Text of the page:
At this time, Fittipaldi and Stewart were undoubtedly the leading protagonists in F1, and that year it was Jackie’s turn to take the title, his third, with Emerson runner-up.
For 1974, Fittipaldi shook everyone by opting to leave Lotus for McLaren, but it proved a good decision, for he won his second world title that year, and finished second to Ferrari’s Niki Lauda in ’75.
“McLaren was extremely well organised,” says Emerson, “and I enjoyed my two seasons there, but then I made a bad decision. My brother Wilson and I had decided to build our own F1 car: he drove it in 1975,I took over in ’76. But we completely underestimated what it would take to build our own team, technically and financially. There were high points – I finished second in Brazil in ’78, for example – but mainly it was a struggle, and during my last two years in F1, 1979 and ’80,I was going to the races only because it was an obligation. Not good.”
For two more years the team continued, with Emerson’s role now strictly a management one, but by the end of 1982, Fittipaldi Automotive was gone from F1, and the proprietor had returned to Brazil.
For a while, he didn’t miss racing at all, but then his enthusiasm was fired again when he began to drive superkarts, just for fun. When invited to drive a March IMSA GTP car at Miami in the spring of 1984, he accepted – and while he was there, a man called Pepe Romero said he was buying a March Indycar, and would Emerson like to drive it? Thus began the second career of E. Fittipaldi, soon to become known as `Emmo’ throughout the US racing community.
“I’d really enjoyed most of my time in F1,” he says, “but I found Indycar racing – CART – more relaxed. There was more of a family environment, and not so much pressure. It was exactly what I needed at that point in my life.”
Later in 1984, he joined Patrick Racing, replacing a young driver named Chip Ganassi, who was seriously injured at Michigan. At the same track, a year later, Emerson won his first Indycar race, and in 1989 came his first CART championship. But what meant even more to him was that one of his five victories that year came in the Indy 500.
“If Argentina ’73 was my best race in F1, the other one I will always remember is Indianapolis ’89, when I had the big dice with Al Unser Jnr. That day I was doing everything right, but towards the end, when I was leading, there was a yellow, and we came in. There were about 15 laps to go, that’s all – and they completely filled up the car with fuel! Mo had done all the calculations, and he went crazy: ‘You only need half-tanks – no!’ Big argument! Pat [Patrick] said, ‘I’m the boss – I’m the team owner!’ You could say they were different personalities!
“I don’t know how many gallons went in but, at the restart, it was like a nightmare – I looked in the minor, and saw Junior coming, and I couldn’t pull away. At the time I didn’t know I was on full tanks, and he was on half-tanks.
“I was right on the limit, but he passed me quite easily, with four laps to go. It was terrible for me, because I wanted to win this race more than any other – this was the Indianapolis 500! I didn’t give up; I told myself there would be a chance to get him again, and there was – on lap 199, with one to go.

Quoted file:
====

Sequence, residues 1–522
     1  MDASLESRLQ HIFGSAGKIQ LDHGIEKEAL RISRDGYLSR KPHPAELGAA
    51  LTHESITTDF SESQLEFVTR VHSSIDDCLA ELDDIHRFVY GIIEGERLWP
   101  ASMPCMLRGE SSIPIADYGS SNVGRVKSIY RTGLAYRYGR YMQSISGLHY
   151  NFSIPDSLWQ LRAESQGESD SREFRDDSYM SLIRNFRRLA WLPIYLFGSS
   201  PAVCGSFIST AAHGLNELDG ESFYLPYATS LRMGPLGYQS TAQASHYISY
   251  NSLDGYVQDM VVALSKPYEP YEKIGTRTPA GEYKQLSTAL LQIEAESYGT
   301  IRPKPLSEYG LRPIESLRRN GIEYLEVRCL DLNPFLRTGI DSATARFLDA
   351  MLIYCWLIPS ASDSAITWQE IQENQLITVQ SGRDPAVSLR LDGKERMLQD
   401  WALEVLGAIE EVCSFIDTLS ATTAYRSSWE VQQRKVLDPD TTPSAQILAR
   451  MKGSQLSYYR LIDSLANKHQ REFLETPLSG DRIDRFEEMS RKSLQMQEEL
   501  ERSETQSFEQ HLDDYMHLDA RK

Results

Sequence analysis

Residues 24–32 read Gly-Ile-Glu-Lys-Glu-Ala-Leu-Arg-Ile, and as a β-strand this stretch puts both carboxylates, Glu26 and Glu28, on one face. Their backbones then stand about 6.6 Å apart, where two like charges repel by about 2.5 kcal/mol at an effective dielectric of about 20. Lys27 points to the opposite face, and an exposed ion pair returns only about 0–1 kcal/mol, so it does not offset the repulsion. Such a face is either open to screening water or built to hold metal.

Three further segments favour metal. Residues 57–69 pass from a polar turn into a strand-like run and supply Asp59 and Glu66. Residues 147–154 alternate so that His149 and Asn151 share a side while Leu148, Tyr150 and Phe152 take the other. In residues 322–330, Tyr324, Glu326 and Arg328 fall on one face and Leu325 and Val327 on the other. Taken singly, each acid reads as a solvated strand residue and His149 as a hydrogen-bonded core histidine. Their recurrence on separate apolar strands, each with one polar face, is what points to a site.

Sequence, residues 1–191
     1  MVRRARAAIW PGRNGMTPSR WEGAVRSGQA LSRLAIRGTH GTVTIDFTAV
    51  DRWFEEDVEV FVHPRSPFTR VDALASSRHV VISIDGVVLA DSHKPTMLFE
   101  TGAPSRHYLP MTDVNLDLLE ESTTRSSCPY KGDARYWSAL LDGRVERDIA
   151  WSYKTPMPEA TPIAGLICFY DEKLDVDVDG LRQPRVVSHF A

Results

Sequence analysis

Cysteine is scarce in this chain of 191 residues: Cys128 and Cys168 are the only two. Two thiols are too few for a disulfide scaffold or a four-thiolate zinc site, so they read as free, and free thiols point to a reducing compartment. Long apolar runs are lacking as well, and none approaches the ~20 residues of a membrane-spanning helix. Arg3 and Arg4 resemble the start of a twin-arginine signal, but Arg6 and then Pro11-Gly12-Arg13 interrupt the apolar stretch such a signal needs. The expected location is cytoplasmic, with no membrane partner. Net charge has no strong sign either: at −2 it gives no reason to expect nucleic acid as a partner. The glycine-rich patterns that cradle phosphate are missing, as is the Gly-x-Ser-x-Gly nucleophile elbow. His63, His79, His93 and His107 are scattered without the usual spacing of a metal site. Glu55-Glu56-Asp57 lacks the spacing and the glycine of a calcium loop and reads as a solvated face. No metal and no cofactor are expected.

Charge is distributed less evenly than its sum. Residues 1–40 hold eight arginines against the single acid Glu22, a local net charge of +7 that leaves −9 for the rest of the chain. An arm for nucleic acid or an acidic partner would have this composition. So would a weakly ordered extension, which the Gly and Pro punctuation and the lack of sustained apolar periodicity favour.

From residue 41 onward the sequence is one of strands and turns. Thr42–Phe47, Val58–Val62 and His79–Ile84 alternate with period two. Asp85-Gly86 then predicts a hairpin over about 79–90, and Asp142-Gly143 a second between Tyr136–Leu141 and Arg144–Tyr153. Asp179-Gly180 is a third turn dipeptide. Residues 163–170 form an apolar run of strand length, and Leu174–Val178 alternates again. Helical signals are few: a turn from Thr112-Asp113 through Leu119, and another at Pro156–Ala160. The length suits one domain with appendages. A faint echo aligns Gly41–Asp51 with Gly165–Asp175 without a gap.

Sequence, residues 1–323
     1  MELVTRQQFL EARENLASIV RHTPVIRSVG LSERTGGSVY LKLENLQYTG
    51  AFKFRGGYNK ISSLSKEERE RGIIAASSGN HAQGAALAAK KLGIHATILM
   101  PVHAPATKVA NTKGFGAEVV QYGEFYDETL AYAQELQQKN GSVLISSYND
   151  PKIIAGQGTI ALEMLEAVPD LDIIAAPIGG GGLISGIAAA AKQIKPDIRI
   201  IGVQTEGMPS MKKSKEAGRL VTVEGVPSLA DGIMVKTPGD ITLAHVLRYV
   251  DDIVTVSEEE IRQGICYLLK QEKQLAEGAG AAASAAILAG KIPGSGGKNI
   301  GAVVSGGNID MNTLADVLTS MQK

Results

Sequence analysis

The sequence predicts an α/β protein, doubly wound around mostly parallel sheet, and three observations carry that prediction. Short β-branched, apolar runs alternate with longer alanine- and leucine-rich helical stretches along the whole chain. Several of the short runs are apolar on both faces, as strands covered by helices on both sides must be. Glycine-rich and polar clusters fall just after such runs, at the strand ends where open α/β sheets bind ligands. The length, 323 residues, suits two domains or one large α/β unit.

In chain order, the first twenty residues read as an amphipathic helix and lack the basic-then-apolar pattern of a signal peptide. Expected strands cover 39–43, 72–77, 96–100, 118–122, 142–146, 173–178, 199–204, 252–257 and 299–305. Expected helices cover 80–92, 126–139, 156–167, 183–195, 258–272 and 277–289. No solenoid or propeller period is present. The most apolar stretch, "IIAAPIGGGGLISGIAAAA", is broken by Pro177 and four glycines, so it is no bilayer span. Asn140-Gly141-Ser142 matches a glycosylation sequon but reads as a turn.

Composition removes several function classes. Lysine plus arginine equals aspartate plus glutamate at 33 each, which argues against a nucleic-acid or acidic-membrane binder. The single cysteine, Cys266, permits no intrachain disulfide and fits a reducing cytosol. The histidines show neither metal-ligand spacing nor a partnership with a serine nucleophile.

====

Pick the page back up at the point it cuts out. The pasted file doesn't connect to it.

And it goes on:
“Into Turn One, Al and I came up on three slower cars, and he got held up more than I did. I came off Turn Two much quicker, towed him down the backstretch, then pulled out, so we were side by side into Three, me on the inside. I just told myself I wasn’t going to back off, I was going to take it flat. But there was another backmarker ahead, and in the turbulence from his car, I lost downforce and began to slide up the track. Al and I touched, but although I got very sideways,! caught it. I was very lucky, because he crashed – and I didn’t.”
Four years later, Fittipaldi found himself in virtually the same situation. Now driving for Penske, he was leading the 500 in the closing stages, when suddenly there was a yellow. On lap 193, Nigel Mansell, a rookie at the Speedway that year, and running third, had brushed the wall at the exit of Turn Two.
Rather more than brushed it, actually. The Lola gave the wall a solid clout, and Mansell was mighty lucky to get away with it, his car being undamaged in the impact.
“Earlier in the race,” says Fittipaldi, “I ran for about 150 miles behind Nigel. It was the first time he’d been at Indianapolis, and he was doing unbelievable things, but I wasn’t surprised when he eventually hit the wall. I kept getting on the radio and saying to my guys, ‘He’s going to crash, he’s going to crash!’ He seemed to be on opposite lock half the time – Ayrton (Senna), who had raced against him so much in F1, had warned me what to expect, actually!
“Mansell was a great driver, but he operated ‘on emergency’ the whole time! He’d go into a corner over the limit, and I don’t know how he managed it, but he always got out of the corner!
“Anyway, at Indy I got by him, and then, in the last few laps, he hit the wall at Turn Two, and caused a yellow – and he actually benefited from it, because he didn’t damage the car, and it closed the gap! Fortunately, when we came to the restart, I had more experience of that situation than he did, and I was able to get away.”
Fittipaldi’s two worlds, and he loved them both, finally retiring as a racing driver in 1996, as his 50th birthday beckoned.
“I was so lucky,” he says. “I raced against so many great champions – people like Stewart, Lauda and Carlos Reutemann in F1, and then guys like Michael [Andretti], Al Jnr, Rick Mears, in Indycar racing. And then there was Mario, of course – in both categories, he was incredible.”
He regrets, he says, that he never raced against Senna, for whom he was very much a mentor.
“Ayrton was the best of his time, wasn’t he? In my opinion, we had him, now we have Michael Schumacher, and next we’re going to have Montoya. I would put Juan Pablo on that same level, no question. He’s unbelievably talented, and he has the brains. This is only his second season of F1, too – it’s easy to forget that. And he won a grand prix in his first year. A complete natural.”
Emerson might have been talking about himself.